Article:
This early view online art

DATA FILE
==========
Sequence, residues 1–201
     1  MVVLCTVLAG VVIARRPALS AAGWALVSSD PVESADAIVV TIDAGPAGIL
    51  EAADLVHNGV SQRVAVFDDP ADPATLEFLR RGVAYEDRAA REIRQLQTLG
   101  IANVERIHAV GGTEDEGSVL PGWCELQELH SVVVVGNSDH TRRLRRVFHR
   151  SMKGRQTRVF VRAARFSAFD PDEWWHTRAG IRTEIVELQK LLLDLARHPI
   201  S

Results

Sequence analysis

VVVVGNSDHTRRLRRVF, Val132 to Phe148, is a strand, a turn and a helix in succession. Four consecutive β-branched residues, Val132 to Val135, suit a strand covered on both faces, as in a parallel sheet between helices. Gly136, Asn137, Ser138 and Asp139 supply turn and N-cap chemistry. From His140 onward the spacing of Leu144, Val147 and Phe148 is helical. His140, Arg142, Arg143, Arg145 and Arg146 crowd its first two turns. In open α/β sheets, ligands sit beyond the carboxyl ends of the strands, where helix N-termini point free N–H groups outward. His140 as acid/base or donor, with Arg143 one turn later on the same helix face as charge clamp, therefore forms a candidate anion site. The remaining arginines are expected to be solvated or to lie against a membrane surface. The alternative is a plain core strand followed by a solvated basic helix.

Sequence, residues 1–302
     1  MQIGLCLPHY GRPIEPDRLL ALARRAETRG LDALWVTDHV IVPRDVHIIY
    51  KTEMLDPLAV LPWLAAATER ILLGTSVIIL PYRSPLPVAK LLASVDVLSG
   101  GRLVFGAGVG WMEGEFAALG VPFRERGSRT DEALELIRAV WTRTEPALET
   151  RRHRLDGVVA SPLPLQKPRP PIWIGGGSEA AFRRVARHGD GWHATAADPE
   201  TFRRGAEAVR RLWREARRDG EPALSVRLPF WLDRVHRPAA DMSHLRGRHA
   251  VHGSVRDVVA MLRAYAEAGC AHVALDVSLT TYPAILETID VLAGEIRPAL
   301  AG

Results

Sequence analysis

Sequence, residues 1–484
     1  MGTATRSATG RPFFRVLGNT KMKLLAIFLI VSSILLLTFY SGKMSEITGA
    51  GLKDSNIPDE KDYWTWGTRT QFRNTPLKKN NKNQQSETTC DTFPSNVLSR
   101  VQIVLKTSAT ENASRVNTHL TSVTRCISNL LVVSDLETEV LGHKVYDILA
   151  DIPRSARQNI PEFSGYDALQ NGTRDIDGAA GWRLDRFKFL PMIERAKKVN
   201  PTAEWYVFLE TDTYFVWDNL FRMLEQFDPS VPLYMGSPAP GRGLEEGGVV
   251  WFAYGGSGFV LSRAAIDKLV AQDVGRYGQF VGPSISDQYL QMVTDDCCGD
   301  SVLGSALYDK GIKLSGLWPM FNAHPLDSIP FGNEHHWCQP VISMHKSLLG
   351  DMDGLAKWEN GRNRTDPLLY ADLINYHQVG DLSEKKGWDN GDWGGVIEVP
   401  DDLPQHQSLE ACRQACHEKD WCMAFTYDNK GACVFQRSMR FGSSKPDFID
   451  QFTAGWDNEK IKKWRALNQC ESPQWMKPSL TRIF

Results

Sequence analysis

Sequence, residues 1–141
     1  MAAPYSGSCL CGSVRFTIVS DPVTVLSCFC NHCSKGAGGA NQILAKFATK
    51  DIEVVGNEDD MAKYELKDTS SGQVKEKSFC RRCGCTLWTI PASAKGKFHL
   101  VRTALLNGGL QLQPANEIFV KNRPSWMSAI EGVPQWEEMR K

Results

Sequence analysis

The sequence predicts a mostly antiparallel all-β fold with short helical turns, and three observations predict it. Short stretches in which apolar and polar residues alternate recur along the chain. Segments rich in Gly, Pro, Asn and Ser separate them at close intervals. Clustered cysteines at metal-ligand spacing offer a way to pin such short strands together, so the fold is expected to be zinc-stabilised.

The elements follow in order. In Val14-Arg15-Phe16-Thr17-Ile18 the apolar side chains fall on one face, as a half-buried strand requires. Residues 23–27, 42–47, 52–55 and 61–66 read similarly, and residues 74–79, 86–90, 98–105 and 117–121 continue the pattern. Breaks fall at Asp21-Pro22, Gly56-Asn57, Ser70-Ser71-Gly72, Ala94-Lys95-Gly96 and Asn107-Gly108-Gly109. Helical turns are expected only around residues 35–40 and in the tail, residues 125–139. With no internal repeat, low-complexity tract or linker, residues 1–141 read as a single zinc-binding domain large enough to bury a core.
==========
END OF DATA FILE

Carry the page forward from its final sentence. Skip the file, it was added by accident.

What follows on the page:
When I was a doctoral anthropology student working on my prospectus, my chair Mac Marshall made an offhand comment to me that he thought there was some sort of organization for anthropologists engaged in aging research. He sent a note of introduction to his colleague Judith Barker, who quickly brought me into the AAGE fold. That year I attended an AAGE workshop where Judith and Annette Leibing took the time to review my research and provide me with thoughtful and supportive feedback. I remain grateful for the warm welcome I received as a student and have remained an active member of AAGE for more than 10 years. The AAGE workshops, peer reviewed journal, social events organized at larger meetings, and wealth of opportunities to connect with others scholars at all stages of the career trajectory— these are the reasons AAGE continues to be an academic home. While I find value in the other professional organizations in which I hold membership , such as GSA, SfAA, and AAA, AAGE provides me with a community of social scientists who share my wonder at the ways in which aging research and theory encapsulates the essence of the human experience.
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